Your horoscopes might not be lying after all: your month of birth could have a genuine connection your future health and wellbeing.
According to a new study from Columbia University, there may be a correlation between the date in which you were born and your risk of contracting a particular disease, as outlined in the following video:
The population study of 1.7 million New York patients found certain diseases to be more common among those born on particular months. Notable trends included:
- January – April: heart disease
- September: asthma
- November: ADHD, viral infection, acute bronchiolitis
Those born from May-August have the most to be happy about, with relatively few standout illnesses. October, on the other hand, has a whole slate of potential risks.
The researchers suggest that seasonal factors could be to blame. An earlier study has shown that children born in autumn, when there are more dust mites in the home, may be more prone to early causes of asthma.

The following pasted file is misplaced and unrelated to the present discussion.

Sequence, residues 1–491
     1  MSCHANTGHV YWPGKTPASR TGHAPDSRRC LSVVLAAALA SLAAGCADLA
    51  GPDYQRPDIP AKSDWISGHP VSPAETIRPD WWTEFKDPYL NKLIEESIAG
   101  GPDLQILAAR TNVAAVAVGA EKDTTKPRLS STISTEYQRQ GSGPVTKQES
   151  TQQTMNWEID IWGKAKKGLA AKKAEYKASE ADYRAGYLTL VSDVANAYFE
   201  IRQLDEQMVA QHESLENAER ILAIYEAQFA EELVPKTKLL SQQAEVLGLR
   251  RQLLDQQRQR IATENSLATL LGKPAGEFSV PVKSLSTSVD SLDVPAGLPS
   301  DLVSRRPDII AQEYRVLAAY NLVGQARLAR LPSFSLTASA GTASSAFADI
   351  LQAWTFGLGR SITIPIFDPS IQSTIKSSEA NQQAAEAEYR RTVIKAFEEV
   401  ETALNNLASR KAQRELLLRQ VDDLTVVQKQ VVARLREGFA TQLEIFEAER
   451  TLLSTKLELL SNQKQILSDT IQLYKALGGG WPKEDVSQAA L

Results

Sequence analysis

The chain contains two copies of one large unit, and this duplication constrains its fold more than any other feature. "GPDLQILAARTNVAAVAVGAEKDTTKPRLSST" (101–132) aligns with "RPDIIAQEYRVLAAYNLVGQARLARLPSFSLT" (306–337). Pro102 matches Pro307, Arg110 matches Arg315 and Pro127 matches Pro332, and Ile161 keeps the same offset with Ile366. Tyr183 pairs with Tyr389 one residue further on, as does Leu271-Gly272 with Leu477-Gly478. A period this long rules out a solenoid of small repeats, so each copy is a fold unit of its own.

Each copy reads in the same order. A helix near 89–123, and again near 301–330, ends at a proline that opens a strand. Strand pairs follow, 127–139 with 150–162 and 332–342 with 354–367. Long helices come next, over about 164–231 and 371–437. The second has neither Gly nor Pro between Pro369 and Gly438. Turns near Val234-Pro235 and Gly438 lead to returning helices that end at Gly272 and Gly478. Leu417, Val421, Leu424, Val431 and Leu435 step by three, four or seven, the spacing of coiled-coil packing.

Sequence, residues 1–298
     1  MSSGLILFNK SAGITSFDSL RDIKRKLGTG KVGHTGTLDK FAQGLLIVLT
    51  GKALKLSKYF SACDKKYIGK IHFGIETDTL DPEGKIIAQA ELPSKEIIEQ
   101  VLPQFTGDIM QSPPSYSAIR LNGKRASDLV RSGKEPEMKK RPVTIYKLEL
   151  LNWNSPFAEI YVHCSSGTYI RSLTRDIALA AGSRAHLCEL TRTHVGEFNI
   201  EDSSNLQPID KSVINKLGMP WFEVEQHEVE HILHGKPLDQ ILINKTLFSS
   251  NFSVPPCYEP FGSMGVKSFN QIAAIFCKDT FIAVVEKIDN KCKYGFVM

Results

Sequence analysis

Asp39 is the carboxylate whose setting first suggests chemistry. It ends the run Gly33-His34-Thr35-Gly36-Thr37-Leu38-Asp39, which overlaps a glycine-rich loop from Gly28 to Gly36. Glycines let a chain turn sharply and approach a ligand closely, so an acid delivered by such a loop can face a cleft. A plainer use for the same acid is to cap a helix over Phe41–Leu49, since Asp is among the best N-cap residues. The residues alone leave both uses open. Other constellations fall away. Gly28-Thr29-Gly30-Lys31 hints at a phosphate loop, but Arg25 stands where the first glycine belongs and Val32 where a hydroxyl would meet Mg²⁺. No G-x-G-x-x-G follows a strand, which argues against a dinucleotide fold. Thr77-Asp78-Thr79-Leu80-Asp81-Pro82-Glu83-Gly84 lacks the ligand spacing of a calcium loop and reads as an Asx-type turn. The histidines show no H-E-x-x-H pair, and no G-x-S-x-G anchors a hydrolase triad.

But don’t blame your parents too harshly for that romantic Valentine’s Day liaison. The study measures trends on a very large-scale basis, so it may not mean much for your personal health.
According to Nicholas Tatonetti, who co-authored of the paper, “it’s important not to get overly nervous about these results because even though we found significant associations, the overall disease risk is not that great”.
But for the December children among us, who have spent our entire lives putting up with joint birthday/Christmas presents, we now have one more reason to complain.
Do you feel better or worse about your birth month?
Originally published here